by John Peeler —
Robert Reich, writing on the LA Progressive (November 19, 2008), calls for a “Bottom-Up Bailout,” by which he means not aiding the auto manufacturers, but rather providing direct credit and loan guarantees to small businesses and individuals, and supporting those big companies whose managers and workers are willing to put up their own resources and to restructure the companies. That approach would certainly be better than what we’ve seen from an administration that is as much lame-brained as lame-duck. But we can do still better.
To right this listing economy, we must do more than rescue large corporations that are “too big to fail.” We must redress a gross imbalance between management authority and worker rights, and to give the government a fundamental role in defending the public interest. Corporations are publicly chartered institutions that are supposed to serve the public interest even as they make profits for their stockholders. Obviously, the Big Three automakers—and hundreds of other corporations—have ill-served the public interest by making decisions like sending millions of jobs overseas, in pursuit of larger profits.
Rather than bailing out companies that have been consistently mismanaged and have failed to serve the public interest, and rather than just letting them fail, Congress should provide for the option of having the employees of the company take control, and reserving bailout funds as loans to worker-controlled corporations. In a bankrupt company, stockholders have already lost their stake, but employees have a very direct interest in correcting mismanagement in order to keep the company in business. In particular, employees have an interest in making management decisions that will maintain their jobs where they are, rather than sending them overseas. This might mean accepting lower wages or benefits in return for job security, but that would be a better bargain than workers now get, when they make concessions without any assurance that their jobs will thereby be saved.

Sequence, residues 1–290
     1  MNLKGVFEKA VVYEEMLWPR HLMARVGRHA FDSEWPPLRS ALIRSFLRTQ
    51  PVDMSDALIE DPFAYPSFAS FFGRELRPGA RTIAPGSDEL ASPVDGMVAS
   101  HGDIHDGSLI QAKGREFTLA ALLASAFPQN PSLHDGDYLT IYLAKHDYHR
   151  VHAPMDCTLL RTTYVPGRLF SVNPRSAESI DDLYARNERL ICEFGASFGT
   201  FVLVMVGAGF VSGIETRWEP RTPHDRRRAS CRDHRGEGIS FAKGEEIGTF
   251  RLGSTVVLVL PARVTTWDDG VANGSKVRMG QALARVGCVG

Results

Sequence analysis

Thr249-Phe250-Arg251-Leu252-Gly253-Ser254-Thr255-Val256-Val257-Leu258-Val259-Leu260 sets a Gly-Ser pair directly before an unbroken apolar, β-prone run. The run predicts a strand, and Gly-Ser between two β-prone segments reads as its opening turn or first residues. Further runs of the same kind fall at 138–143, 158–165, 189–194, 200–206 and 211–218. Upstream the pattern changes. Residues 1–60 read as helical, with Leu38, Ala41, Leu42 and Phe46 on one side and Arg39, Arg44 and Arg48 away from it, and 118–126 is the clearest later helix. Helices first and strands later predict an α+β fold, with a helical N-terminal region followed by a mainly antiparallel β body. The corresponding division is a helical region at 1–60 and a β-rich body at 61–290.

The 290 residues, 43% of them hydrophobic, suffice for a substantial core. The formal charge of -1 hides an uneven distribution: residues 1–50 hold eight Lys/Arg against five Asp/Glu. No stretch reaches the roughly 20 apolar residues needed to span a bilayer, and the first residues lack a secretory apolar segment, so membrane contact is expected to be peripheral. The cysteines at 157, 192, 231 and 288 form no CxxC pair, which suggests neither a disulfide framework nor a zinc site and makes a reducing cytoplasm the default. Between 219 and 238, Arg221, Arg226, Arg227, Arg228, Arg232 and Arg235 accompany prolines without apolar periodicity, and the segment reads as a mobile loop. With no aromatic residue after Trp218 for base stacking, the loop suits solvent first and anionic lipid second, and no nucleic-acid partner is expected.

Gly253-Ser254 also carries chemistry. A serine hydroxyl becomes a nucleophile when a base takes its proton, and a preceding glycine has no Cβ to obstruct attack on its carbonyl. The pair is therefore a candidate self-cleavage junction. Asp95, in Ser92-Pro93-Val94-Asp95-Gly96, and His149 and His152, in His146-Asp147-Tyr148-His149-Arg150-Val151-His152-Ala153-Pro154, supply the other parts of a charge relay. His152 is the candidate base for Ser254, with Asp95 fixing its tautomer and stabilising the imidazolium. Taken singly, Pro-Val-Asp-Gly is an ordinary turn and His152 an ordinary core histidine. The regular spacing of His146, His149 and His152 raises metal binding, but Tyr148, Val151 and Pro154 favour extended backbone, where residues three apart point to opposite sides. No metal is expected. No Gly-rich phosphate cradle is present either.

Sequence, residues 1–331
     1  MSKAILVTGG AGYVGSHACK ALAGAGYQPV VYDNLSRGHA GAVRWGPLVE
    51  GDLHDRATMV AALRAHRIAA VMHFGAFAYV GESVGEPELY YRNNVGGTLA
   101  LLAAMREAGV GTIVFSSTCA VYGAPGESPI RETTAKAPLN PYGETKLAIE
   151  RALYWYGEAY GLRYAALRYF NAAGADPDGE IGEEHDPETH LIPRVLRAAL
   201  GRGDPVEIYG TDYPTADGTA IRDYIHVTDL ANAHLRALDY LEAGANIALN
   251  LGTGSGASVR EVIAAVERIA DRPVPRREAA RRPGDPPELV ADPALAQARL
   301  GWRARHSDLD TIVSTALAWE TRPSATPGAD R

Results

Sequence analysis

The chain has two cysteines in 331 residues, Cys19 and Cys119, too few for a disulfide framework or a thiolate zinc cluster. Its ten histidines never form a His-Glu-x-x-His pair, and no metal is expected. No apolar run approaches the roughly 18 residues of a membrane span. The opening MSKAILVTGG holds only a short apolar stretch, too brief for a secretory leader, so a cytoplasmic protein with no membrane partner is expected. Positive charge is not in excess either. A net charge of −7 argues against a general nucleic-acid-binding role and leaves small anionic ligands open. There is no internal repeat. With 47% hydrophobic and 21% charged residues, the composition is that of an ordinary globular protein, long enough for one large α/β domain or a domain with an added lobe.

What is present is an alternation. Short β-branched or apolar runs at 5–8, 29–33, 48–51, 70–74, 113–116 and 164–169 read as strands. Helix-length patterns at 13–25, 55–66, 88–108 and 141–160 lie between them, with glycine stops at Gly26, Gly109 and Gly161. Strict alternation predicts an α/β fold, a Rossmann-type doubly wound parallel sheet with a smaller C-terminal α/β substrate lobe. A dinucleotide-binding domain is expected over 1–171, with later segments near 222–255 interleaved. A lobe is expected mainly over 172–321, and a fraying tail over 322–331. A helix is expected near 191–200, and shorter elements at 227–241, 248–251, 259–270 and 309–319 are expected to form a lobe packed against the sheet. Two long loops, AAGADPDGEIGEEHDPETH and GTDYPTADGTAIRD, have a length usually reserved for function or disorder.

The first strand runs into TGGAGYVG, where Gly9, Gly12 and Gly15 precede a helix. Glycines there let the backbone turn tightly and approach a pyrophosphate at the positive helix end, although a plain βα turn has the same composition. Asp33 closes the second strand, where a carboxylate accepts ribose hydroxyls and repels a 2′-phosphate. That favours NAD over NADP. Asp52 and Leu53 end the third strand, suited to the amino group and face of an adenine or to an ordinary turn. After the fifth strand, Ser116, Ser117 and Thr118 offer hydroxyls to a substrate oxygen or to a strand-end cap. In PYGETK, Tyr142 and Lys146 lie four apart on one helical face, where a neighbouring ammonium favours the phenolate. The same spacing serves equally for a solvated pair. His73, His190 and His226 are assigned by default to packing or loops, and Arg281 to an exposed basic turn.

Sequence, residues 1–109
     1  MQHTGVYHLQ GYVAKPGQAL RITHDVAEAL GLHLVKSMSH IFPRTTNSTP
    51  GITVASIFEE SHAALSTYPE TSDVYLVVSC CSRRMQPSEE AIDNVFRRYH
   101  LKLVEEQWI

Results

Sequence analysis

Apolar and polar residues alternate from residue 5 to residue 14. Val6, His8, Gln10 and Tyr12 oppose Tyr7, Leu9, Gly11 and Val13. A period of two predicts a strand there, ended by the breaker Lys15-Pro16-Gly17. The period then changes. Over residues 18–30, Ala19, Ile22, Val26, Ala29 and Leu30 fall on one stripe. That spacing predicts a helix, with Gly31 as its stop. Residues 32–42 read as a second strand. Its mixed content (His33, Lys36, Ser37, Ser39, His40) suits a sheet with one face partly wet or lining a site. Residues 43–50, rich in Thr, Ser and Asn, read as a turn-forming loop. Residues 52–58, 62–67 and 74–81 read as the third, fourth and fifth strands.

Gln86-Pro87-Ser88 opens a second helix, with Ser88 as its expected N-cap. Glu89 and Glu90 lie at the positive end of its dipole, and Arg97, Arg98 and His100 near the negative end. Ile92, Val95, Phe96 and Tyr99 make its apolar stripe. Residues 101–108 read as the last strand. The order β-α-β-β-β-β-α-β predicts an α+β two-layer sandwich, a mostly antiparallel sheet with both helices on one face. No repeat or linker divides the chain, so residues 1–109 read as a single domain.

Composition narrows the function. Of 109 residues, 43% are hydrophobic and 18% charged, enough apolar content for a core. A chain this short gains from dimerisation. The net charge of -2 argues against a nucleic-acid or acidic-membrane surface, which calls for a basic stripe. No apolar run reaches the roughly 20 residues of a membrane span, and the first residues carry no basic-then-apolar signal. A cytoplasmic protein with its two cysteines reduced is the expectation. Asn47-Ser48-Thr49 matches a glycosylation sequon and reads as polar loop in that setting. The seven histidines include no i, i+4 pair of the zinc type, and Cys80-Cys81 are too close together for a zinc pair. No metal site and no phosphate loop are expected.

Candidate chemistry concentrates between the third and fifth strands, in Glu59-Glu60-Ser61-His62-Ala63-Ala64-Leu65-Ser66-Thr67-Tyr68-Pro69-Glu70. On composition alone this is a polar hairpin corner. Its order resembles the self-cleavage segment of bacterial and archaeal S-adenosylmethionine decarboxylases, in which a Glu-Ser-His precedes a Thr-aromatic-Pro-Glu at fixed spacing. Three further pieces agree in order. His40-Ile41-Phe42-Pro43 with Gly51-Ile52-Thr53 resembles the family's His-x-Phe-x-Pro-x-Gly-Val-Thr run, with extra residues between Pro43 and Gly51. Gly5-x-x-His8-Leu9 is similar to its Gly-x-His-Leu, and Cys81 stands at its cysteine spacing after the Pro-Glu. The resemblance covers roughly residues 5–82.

There are obviously pitfalls to be avoided. The mere fact of worker ownership and control does not guarantee that management will serve either employee interests or the public interest. United Airlines, for example, came under employee ownership in an earlier crisis, but it was managed just the way other airlines were managed, and as a result continued to have poor relations with the employees who supposedly owned the airline! Go figure! What this means is that the leaders who are charged with managing the company need to be both competent and accountable.
Accountability is easy enough to arrange. The employees ought to have a direct, voting voice (one employee, one vote?) in selecting the chief executive, should receive regular, frank communication from the chief executive, and should have the right, under specified procedural conditions, to dismiss and replace the chief executive.
Competence is tougher. We know from our political system that democracy does not guarantee competence. If we didn’t know that before, eight years of George W. Bush should be convincing. But the right of dismissal allows workers who were manipulated initially to rectify their error after they have seen a chief executive in action. There is still a risk that employees would put short-term gains ahead of strategies intended to enhance long-term viability of the firm, but in this they would scarcely be any more short-sighted than the present management.
The government, as defender of the public interest, could have an important role as an external monitor of management competence. The Commerce Department, for example, could be vested with a seat on the board of the corporation, with the right to full information about its affairs, and the obligation to report both to the employees and to the public as to how well the company is being managed. The government representative could have the authority to order an employee vote on dismissing a chief executive.
Giving employees direct ownership and control of failed corporations, with government loans to let them regain their footing, is the best approach to a “bottom-up bailout.”
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Copyright 2008 LA Progressive